Many of the new construction homes in 2011 had cabinets with a dark natural finish, ranging from chocolate and coffee to a warm chestnut. That style is expected to remain popular this year.
Maple is the wood of choice according to many remodeling magazines, and remember, unless you're going for the country look, cabinets with clean, straight lines rather than curved details will probably retain their in-style look for longer.
"Green" is in and growing in demand, which is why environmentally-friendly materials such as reclaimed wood and bamboo have big appeal.
Warm feet are a worthwhile investment.
It's relatively simple and inexpensive to add in-floor radiant heat to a bathroom. Rather than requiring a built-in system of tubing for hot water, you can install a thin electric mat that lies beneath floor tiles. In-floor heat is one of those relatively easy upgrades that adds luxury to your day-to-day life and sets your home apart from others.
Have you considered a steam shower?
Steam showers are not just for high-end homes anymore, so consider one if you think it would not be "over the top" for your bathroom. The cost can range from around $1,500 for a do-it-yourself job to $5,000 to $7,000 (or more, depending on materials) professionally installed. Just know that it's more realistic to install one for your own use than to count on a big boost in resale value.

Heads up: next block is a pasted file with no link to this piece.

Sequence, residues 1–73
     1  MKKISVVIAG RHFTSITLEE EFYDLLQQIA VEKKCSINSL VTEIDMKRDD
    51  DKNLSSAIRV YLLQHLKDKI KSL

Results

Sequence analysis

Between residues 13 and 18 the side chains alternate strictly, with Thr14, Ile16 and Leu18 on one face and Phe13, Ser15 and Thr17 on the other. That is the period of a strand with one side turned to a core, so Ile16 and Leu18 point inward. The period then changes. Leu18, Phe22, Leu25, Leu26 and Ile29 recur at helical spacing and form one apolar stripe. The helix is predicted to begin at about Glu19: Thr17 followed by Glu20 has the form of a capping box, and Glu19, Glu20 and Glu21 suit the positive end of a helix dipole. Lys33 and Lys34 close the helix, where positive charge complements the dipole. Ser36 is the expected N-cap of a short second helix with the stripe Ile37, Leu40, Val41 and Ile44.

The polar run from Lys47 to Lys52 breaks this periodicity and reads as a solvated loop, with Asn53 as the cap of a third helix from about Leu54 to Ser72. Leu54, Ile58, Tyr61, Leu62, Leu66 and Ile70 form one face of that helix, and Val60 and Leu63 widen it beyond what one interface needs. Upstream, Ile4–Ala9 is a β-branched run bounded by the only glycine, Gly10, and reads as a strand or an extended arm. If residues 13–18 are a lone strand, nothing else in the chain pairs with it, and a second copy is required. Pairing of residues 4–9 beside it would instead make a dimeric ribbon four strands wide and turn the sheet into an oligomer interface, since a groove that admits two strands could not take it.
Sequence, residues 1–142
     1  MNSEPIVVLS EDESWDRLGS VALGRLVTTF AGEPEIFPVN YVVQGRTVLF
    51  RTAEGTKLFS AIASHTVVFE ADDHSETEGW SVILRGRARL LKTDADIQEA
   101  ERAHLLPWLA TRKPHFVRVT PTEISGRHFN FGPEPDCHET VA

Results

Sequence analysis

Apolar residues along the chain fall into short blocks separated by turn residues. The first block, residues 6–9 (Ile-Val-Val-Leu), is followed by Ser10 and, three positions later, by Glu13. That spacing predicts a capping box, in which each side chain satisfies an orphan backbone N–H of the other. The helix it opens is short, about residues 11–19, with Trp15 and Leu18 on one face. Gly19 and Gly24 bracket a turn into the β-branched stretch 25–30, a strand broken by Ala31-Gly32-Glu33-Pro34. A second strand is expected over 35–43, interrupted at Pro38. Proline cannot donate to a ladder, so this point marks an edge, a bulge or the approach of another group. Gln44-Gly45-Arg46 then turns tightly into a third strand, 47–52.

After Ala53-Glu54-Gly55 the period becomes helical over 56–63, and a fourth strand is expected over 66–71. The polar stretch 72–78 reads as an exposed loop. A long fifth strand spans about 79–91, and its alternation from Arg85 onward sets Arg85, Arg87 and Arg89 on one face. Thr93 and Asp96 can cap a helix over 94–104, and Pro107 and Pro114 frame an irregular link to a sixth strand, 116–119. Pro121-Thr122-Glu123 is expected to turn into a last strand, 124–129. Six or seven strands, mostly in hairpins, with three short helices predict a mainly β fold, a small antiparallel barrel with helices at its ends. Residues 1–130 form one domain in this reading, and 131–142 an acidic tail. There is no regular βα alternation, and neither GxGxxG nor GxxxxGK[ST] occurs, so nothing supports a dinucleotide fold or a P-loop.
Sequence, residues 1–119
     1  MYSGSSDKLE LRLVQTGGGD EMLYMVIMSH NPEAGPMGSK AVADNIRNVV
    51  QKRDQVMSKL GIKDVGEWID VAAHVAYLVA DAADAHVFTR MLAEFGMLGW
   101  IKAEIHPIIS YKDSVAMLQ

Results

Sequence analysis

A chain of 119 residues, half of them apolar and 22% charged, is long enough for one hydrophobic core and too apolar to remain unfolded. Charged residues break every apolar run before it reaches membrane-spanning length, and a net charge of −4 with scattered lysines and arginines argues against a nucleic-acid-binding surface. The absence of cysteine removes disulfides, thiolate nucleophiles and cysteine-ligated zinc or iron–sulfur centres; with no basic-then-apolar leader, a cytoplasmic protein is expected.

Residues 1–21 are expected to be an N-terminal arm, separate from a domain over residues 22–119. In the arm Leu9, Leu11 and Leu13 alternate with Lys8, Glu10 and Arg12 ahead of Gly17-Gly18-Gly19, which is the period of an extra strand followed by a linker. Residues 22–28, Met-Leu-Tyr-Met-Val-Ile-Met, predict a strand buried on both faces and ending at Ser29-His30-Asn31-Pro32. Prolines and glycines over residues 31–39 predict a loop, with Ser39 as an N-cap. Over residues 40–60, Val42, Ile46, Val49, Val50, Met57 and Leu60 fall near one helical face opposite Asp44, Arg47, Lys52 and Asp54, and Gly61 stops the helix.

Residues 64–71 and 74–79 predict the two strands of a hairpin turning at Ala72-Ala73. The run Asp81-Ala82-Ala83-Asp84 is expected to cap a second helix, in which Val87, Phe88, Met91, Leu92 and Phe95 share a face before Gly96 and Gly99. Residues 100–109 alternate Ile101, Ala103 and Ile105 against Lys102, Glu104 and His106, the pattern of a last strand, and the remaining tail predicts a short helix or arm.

Grey is in. (But just remember: It's grey....)
Brown is out, purple is leaving, and all shades of grey are now in style, according to Beasley and Henley Interior Design in a recent 2012 Trends article. Expect to see it spiced up with bright yellow, orange, and indigo blue.
That being said, please keep in mind that warm color tones have historically been more appealing to home buyers, so if a sale is in your future you might be safer sticking with the tried and true.
Mud rooms are finally cool.
This is a classic example of people loving what works. The convenience of a mud room where you can kick off shoes, hang coats, and clean off pets on your way into the home is so appealing that the NAHB report listed the mud room as one of today's top home design features.